We understand that Galera Therapeutics is currently going through a rough patch after the FDA’s refusal to approve their anti-mucositis agent, avasopasem manganese, and we sincerely wish them well. Avasopasem, a superoxide dismutase mimetic, is the latest anti-mucositis agent to come up short in Phase 3. Hopefully, however, that is not the end of the story or the road for avasopasem as the FDA has not rejected it outright.
Galera did not share what the exact issues with their Phase 3 trial called ROMAN were, so in lieu of an official explanation we can only offer our best guesses and assumptions. Our lead therapy, nibrozetone (RRx-001), in a soon-to-start Phase 2b trial called KEVLARx for SOM, trails closely behind avasopasem, so we have a vested interest to deduce what happened, the better to help with our own development of nibrozetone (RRx-001).
From our perspective, the first potential issue with the ROMAN clinical trial is that the magnitude of benefit for the primary endpoint was not impressively high and only just met statistical significance (p = 0.045) as avasopasem reduced SOM incidence by 16% compared to standard of care.
The second potential issue is one of convenience and compliance, which possibly relates to the low (ish) clinical benefit. Due to a short circulatory half-life of about 1 hour, avasopasem must be given 1 hour before the start of radiotherapy 5 days a week for 7 weeks: this amounts to a total of 35 times.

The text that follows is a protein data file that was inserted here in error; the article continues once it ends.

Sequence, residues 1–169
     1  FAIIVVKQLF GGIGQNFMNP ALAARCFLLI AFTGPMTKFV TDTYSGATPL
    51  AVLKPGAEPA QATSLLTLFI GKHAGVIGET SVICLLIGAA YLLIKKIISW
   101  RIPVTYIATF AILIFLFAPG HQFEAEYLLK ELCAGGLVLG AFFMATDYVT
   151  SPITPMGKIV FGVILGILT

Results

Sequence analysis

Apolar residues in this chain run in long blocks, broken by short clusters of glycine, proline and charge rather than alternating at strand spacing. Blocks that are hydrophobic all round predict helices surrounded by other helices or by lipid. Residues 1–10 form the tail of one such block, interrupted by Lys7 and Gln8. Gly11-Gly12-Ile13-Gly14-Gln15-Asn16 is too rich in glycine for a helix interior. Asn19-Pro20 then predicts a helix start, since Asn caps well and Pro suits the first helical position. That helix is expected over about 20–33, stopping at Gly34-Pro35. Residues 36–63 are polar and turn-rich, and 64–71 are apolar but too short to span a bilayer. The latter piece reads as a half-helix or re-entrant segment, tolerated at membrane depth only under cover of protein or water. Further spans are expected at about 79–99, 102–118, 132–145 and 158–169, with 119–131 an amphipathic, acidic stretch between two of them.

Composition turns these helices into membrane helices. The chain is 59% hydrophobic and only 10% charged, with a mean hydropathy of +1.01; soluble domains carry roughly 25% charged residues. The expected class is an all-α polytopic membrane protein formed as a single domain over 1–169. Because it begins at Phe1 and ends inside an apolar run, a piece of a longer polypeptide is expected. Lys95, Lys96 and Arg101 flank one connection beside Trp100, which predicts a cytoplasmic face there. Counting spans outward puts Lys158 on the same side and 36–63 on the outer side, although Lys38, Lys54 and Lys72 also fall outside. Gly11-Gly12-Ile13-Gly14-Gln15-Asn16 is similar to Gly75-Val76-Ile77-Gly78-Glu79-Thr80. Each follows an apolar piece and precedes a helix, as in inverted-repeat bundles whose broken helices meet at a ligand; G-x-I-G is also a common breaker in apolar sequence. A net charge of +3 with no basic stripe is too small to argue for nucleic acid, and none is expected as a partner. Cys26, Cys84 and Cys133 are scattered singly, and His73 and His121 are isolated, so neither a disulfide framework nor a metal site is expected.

That is a lot of bother and hassle for cancer patients to deal with especially considering that radiation therapy centers are often located at some distance from the infusion centers where avasopasem is given. Add to that the tight 1-hour dosing window, which must be strictly adhered to, and it is reasonable to imagine that several patients, not all of whom have ready access to transportation, missed more than one of their 35 appointments or dropped out of the trial altogether. In a real-world situation where conditions are even less well controlled and less optimal than on a clinical trial, a higher number of missed appointments probably should be expected.
The third potential issue is that severe oral mucositis, as a complex process, which involves several pathogenic steps, may only optimally respond to agents that hit several targets relevant to the development of SOM. In the case of avasopasem, its one and only target is the superoxide anion, O2•–, which avasopasem dismutates to hydrogen peroxide, H2O2, as shown in Figure 1 below.
Figure 1: Avasopasem Mechanism of Action
We do not mean to imply that superoxide anion is not a relevant target or that avasopasem, as a single targeted agent, is insufficiently active. To the contrary, the data suggests that superoxide is a relevant and important target, and since SOM often necessitates interruption of cancer therapy, which predisposes to recurrence, any reduction of its incidence, duration, or severity from avasopasem or another therapy is to be celebrated and welcomed with open arms.
The point we are trying to make here is only that a multitargeted agent, like nibrozetone (RRx-001), for example, which is also, by the way, much more convenient to administer, may possibly stand an even better chance to successfully tackle a multifactorial process like SOM.
However, in no way shape or form do we count avasopasem or Galera Therapeutics out, and we sincerely hope that Galera rebounds, with avasopasem as the first (or among the first) to find success in SOM.
After all, a rising tide lifts all boats.